“System under test shouldn’t crash no matter what I
    pass to it”
    if (WIFSIGNALED(status) #$ !stop_soon) {
    kill_signal = WTERMSIG(status);
    return FAULT_CRASH;
    }
    ./afl-fuzz -i testcase_dir -o findings_dir -- \
    /path/to/tested/program [&&.program's
    cmdline&&.]

    View full-size slide

  47. Best Known
    Example
    Released
    Informal
    Spec
    Formal
    Spec
    Execute
    QuickCheck
    1999
    “Reversing a list twice should result in the
    same list”
    prop_RevRev xs = reverse (reverse xs) == xs
    where types = xs::[Int]
    Main> quickCheck prop_RevRev
    OK, passed 100 tests.
    AFL
    2007
    “System under test shouldn’t crash no matter what I
    pass to it”
    if (WIFSIGNALED(status) #$ !stop_soon) {
    kill_signal = WTERMSIG(status);
    return FAULT_CRASH;
    }
    ./afl-fuzz -i testcase_dir -o findings_dir -- \
    /path/to/tested/program [&&.program's
    cmdline&&.]

    View full-size slide

  48. https://www.flickr.com/photos/x1brett/2279939232

    View full-size slide

  49. https://medium.com/@betable/tifu-by-using-math-random-f1c308c4fd9d

    View full-size slide

  50. Thought Experiment:
    W h a t I f
    A u t o m a t e d T e s t s
    W e r e P e r f e c t ?

    View full-size slide

  51. W h a t I f S e c u r i t y
    A n a l y s i s T o o l s
    W e r e P e r f e c t ?

    View full-size slide

  52. –DNI James Clapper
    “Something like 90 percent of cyber intrusions start with
    phishing… Somebody always falls for it.”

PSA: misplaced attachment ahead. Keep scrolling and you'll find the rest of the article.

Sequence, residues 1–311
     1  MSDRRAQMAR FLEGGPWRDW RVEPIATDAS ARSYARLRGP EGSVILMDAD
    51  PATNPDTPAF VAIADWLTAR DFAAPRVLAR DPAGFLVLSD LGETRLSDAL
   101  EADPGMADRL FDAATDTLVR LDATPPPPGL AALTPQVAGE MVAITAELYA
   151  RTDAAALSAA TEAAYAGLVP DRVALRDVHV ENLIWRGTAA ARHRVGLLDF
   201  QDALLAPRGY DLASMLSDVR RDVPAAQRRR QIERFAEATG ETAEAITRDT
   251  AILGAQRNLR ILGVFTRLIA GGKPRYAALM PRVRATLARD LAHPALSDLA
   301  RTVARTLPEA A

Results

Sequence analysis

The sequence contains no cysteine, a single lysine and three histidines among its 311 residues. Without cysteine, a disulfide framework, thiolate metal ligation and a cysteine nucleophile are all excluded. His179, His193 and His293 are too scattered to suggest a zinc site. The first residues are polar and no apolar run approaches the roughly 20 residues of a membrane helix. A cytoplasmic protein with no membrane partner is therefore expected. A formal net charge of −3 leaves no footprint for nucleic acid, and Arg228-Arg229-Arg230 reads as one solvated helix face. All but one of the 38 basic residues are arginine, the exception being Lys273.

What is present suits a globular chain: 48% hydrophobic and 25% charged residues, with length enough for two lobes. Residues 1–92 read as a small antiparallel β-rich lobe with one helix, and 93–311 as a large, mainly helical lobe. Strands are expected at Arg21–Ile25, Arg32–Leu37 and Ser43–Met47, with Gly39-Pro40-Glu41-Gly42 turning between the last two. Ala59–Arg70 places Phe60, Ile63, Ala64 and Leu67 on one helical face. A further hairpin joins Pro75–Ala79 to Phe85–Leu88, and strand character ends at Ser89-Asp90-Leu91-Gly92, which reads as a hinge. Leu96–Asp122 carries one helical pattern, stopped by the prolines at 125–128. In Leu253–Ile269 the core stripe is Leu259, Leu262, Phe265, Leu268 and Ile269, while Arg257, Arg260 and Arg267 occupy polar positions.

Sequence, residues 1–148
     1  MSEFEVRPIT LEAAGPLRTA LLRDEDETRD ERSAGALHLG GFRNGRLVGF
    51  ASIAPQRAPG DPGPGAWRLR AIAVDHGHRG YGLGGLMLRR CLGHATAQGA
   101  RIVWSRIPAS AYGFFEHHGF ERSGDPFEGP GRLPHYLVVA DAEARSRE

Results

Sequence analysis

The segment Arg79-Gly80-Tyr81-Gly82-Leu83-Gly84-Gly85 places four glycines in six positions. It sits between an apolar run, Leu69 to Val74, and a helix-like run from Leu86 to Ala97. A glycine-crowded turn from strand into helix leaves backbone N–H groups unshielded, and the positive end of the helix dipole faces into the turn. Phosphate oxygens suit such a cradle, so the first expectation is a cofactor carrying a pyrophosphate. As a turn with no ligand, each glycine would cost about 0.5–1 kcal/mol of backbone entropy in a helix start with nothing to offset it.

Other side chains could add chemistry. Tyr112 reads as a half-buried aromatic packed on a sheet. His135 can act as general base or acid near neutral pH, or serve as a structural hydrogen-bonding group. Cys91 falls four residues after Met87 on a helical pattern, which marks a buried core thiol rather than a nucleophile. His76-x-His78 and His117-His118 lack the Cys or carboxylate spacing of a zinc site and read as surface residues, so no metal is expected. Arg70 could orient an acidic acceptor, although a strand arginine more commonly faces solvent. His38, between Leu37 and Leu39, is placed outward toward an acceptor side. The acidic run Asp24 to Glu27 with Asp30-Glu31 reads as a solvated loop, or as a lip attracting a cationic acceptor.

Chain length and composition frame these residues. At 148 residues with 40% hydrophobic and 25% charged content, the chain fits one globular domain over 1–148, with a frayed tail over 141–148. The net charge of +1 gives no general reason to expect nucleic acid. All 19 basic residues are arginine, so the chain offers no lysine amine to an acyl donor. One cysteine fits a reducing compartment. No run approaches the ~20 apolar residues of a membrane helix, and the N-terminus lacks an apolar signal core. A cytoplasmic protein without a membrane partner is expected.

https://twitter.com/ODNIgov/status/776070411482193920

    View full-size slide

  53. https://static.googleusercontent.com/media/research.google.com/en//pubs/archive/45366.pdf

    View full-size slide

  54. Manual Testing
    Examples Exploratory testing, Binary analysis
    Effort Very high
    Killer App
    Finding cases where code technically correct but fails at human-
    computer interaction
    Major Disadvantage Often misused

    View full-size slide

  55. Dynamic Analysis
    Examples QuickCheck, AFL, sqlmap
    Effort Low
    Killer App More like an app killer, amiright?
    Major Disadvantage Tends to find a few specific (though important!) bugs

    View full-size slide

  56. Static Analysis
    Examples FxCop, FindBugs, Coverity, Veracode
    Effort Very low
    Killer App Cheaper than air. Just do it.
    Major Disadvantage Limited to finding a few hundred important kinds of bugs

    View full-size slide

  57. Formal Verification / Symbolic Execution
    Examples VCC, TLA+, Cryptol
    Effort High effort but correspondingly high return
    Killer App MiTLS, Hyper-V Memory Manager
    Major Disadvantage Hard to find people with skill set

    View full-size slide

  58. Program Synthesis
    Examples Nothing off the shelf, really, but Agda and Z3 help
    Effort PhD-level research
    Killer App Elimination of incidental complexity
    Major Disadvantage Doesn’t really exist in general form

    View full-size slide

  59. How Amazon Web Services Uses Formal Methods
    “Formal methods are a big success at AWS, helping us
    prevent subtle but serious bugs from reaching
    production, bugs we would not have found through any
    other technique. They have helped us devise aggressive
    optimizations to complex algorithms without sacrificing
    quality.”